Divorce and Mental Health
If you love someone who may be going through a divorce, here are nine ways you can help by supporting their mental health.
1. Do encourage them to get counseling
If there’s ambivalence in your loved one about divorce, encourage them to get counseling.
In our experience, many couples counseling sessions start with one or both partners considering divorce.
Many couples also use divorce talk in the middle of a fight as a protest against things feeling really bad, or hopeless. Sometimes, it can feel to you like divorce may be the only option, but it’s not really what you or your partner want.
The bottom line is, not all potential divorces happen. What’s more, some spouses remarry each other post-divorce, or restore their marriage.
Nothing is more heartbreaking to us as Couples Therapists than couples who come into couples counseling too late. If only they could have gotten the support of a Couples Counselor sooner, perhaps they would have felt heard, responded to and more hopeful about working through their difficulties. If you need help talking to your partner, get some support!
Not all marriages end in ugly divorces.
A divorce can be one of life’s most difficult experiences and significantly impact the mental health of the couple and family. But a marriage’s ending doesn’t have go horribly. Counseling can help avoid a terrible divorce.
If the marriage does end in divorce, couples counseling can support mental health for both partners by giving them a much better chance to have a good divorce. By providing a productive space and a guide, counseling can help divorcing couples share feelings about what’s happened in loving ways.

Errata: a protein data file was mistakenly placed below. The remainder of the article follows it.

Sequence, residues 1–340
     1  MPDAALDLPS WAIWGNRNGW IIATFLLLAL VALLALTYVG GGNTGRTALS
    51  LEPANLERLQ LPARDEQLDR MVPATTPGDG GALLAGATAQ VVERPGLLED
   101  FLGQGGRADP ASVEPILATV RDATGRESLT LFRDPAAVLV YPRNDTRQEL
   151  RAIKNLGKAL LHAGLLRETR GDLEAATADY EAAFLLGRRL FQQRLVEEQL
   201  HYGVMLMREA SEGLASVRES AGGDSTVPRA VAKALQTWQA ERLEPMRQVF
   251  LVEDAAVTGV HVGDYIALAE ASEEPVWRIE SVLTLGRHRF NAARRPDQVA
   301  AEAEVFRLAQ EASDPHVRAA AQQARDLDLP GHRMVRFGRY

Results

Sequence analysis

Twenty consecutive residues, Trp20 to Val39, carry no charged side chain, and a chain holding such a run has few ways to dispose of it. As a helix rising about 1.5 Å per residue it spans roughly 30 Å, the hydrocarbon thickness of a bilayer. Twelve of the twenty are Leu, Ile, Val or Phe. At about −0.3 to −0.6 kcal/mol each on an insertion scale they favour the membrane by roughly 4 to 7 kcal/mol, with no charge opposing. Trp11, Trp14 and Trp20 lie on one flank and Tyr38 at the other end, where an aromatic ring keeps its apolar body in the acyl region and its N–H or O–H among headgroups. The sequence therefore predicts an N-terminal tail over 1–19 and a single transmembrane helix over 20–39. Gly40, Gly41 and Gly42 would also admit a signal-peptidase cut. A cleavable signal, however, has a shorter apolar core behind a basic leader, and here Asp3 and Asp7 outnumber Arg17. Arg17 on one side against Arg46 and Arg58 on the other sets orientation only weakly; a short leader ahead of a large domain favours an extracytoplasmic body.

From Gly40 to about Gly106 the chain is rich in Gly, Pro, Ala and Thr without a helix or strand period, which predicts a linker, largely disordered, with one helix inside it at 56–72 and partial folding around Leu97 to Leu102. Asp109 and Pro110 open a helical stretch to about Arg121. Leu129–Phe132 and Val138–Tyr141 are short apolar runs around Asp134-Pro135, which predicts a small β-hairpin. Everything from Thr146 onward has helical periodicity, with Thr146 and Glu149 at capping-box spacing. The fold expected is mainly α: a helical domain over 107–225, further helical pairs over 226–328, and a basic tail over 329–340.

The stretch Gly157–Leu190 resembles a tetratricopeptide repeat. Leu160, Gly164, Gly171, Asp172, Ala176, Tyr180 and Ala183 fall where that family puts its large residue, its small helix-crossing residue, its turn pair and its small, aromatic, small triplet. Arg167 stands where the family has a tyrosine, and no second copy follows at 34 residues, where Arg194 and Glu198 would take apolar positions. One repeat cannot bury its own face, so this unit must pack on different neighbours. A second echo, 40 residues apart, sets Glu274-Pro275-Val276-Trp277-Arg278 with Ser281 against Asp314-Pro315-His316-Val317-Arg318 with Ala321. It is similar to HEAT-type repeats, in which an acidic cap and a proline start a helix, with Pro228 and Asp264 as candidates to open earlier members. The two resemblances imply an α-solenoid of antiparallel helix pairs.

Just like the conscious uncoupling of celebrities Gwyneth Paltrow and Chris Martin, a thoughtful, compassionate split is far better for both partner’s mental health than a negative, ugly divorce. It is possible for couples to grieve the end of the marriage and work through separation amicably.
To divorce amicably is without a doubt the very best thing for all children.
When divorce is inevitable
If your friend or loved one is going to get divorced, these other Do’s and Don’ts will help you support their mental health:
2. Don’t bag on their spouse
Many couples get to the point of divorce after much heartache and possibly after trying very hard to save their marriage. Divorce is not the desired outcome.
They married because they loved this person and saw their future with them. Coming out now with negative comments about their spouse might hurt them, or hurt your relationship with them in the future.
Again, not all couples considering divorce end up divorcing. You do not want to end up on the wrong end of a hurtful comment about their spouse.
3. Don’t assume you know how they feel
Let them lead the way when it comes to how they’re feeling and what kind of support they want. Sometimes they’ll need to cry. Sometimes they’ll need to get out and do something healthy for a distraction. Sometimes they’ll need to just feel hurt or angry.